Queensland Parliament - July 15, 2020.


Mr MILLAR (Gregory—LNP) (12.55 pm): The building and construction industry plays an important part in Queensland's economy, contributing over $46 billion in 2017-18 and employing more than 230,000 people.

 The building industry will be the backbone of the Queensland economy as we go forward from COVID-19.

While the introduction of Project Bank Accounts (PBAs) has been the centrepiece of the government's reform, I note that Master Builders Queensland have indicated that they still hold grave concerns about the effectiveness of the PBA regime and the true cost to the building industry.  One of the things we have to be very careful of when we introduce legislation into this House is what sort of red tape we are imposing on those hardworking small businesses.

Those small businesses are family owned small businesses right throughout Queensland, and especially in my area in regional Queensland, who rely on a construction industry and also rely on making sure they get paid. They also rely on not having as much red tape as we have seen some industries having to cope with when legislation comes before this place.

It is very hard. Most of the people involved in the construction industry in my seat of Gregory are family owned small businesses that are well established and are continuing to employ people in the seat of Gregory. The administrative burden and the amount of red tape associated with establishing and maintaining trust accounts, records and manager account reviews need simplification.

Substantial improvements should be made prior to the private sector implementation.

As an initial phase of the PBA is applied only to government contracts, their effectiveness at this point is unproven.

Furthermore, the actual cost to the building industry, when the added costs to the principals, the builders and the subcontractors are taken into account, remains unclear.

 COVID-19 and what we have been through over the last six months has been extremely damaging to our economy. We need to start building our economy and making sure that we have small businesses, like our construction industry in regional Queensland, not burdened with red tape.

We also believe that a fair day's work deserves a fair day's pay. I think everybody in this House is in agreement with that. If subcontractors are not being paid, we need to make sure those people who are not paying are taken to task.  This does not just affect the building industry. I have a couple of cases in the seat of Gregory.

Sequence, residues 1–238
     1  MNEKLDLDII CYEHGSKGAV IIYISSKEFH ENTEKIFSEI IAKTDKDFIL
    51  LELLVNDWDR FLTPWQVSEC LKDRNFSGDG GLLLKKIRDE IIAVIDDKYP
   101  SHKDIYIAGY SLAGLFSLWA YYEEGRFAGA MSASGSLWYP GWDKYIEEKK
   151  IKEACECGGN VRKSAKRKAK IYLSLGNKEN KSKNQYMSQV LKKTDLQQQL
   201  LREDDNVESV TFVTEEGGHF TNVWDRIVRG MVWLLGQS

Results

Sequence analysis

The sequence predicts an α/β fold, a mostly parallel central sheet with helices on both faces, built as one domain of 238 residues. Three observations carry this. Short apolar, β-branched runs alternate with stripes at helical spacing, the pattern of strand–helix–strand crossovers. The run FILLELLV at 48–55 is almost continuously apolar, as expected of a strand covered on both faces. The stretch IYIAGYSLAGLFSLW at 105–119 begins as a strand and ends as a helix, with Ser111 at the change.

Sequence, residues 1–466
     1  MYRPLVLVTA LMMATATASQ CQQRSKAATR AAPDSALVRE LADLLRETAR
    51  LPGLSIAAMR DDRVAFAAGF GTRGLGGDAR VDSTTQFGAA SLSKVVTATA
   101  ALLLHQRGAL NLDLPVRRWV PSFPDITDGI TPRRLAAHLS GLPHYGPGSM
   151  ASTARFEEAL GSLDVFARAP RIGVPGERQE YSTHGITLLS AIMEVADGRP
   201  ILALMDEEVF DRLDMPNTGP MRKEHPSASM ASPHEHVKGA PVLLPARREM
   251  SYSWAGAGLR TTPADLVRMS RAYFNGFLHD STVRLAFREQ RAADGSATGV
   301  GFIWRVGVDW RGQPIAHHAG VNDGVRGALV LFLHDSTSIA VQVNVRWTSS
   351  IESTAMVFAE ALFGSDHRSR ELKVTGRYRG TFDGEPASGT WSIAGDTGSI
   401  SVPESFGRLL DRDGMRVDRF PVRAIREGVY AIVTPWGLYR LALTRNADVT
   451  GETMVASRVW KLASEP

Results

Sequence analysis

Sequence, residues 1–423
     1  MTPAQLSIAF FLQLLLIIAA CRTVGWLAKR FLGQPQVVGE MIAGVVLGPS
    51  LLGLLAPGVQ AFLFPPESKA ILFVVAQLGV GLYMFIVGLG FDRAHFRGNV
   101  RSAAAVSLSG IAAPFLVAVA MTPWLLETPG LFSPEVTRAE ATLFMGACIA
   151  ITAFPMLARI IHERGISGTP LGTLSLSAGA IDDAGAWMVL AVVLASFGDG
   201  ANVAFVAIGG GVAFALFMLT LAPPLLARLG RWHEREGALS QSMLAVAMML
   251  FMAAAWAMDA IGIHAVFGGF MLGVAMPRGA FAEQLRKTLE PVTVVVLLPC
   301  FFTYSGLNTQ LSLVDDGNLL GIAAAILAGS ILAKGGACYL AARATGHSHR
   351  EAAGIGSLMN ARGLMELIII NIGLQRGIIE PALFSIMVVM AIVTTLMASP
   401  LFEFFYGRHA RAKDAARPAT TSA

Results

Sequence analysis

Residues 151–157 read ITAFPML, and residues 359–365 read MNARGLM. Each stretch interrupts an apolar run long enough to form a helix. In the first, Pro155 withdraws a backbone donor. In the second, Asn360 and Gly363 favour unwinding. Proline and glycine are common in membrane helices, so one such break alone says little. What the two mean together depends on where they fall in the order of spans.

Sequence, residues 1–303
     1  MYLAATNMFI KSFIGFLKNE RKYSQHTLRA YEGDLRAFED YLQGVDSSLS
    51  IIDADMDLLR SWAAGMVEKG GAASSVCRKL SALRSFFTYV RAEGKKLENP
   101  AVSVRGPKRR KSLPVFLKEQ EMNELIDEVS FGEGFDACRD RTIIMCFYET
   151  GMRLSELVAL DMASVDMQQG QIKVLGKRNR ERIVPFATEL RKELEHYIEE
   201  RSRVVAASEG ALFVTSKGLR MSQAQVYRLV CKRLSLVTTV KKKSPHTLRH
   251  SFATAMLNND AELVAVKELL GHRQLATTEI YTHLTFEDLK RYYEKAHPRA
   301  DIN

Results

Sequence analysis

A major civil construction company in Longreach is owed hundreds of thousands of dollars for work they have done on roads on the Landsborough Highway. That is affecting this business and it is one of the major employers in town. They need to have the confidence to go forward. We need to ensure they are paid by these companies that take on these big projects and then subcontract out to the smaller, well- established, family-owned businesses.

Another family in Emerald has been owed hundreds of thousands of dollars after a solar farm went into administration. They were a construction business undertaking fence building around a solar farm, and when the solar farm went into administration they were not paid.

These are local families who live in local towns who employ local people. Most importantly, they need to have the confidence that they will be paid - the confidence that the big companies that take on these big projects will pay their subcontractors.

 The building industry plays an important role all over Queensland. We have heard time after time that when companies go into administration the first people who suffer are our subcontractors. Those subcontractors deserve to have certainty. This has been going on for a long time.

The LNP has a strong history of working side by side with industry to streamline government practices and help generate jobs. When last in office, we pursued reform measures designed to make it easier and more efficient for the industry to conduct business.

In anticipation that Labor's Building Industry Fairness (Security of Payment) and Other Legislation Amendment Bill 2017 would require future amendments to be made workable, the LNP called on the implementation panel to assess the merits of the application of Labor's project bank accounts - PBAs. At the time, the government said it was not required, although eventually it was obliged to put it in place.

In 2018 the LNP recognised that subcontractors' late payment and non-payment remained a challenging issue continuing to hamper the growth of Queensland businesses, with non-payment issues, fraudulent practices, false statutory declarations and, most importantly, illegal phoenixing activities which we have seen right around Queensland.


Although some elements were examined by the special joint task force, it was considered that the terms of reference were too narrow and the time frame too tight for a full investigation to be undertaken.

(Sitting suspended from 1.00 pm to 2.00 pm.)

Mr MILLAR: Finally, when we introduce legislation we have to make sure that it results in less red tape and is less onerous on small business owners who desperately need a clear direction when it comes to what they are trying to achieve. While I support what we are trying to achieve here, I ask the minister to review this over the next six months to see whether it has an impact on small contractors that have to set up trust accounts and work with additional red tape.

It is hard enough being in small business these days with all the red tape. I call on the minister to review this to make sure the red tape is reduced.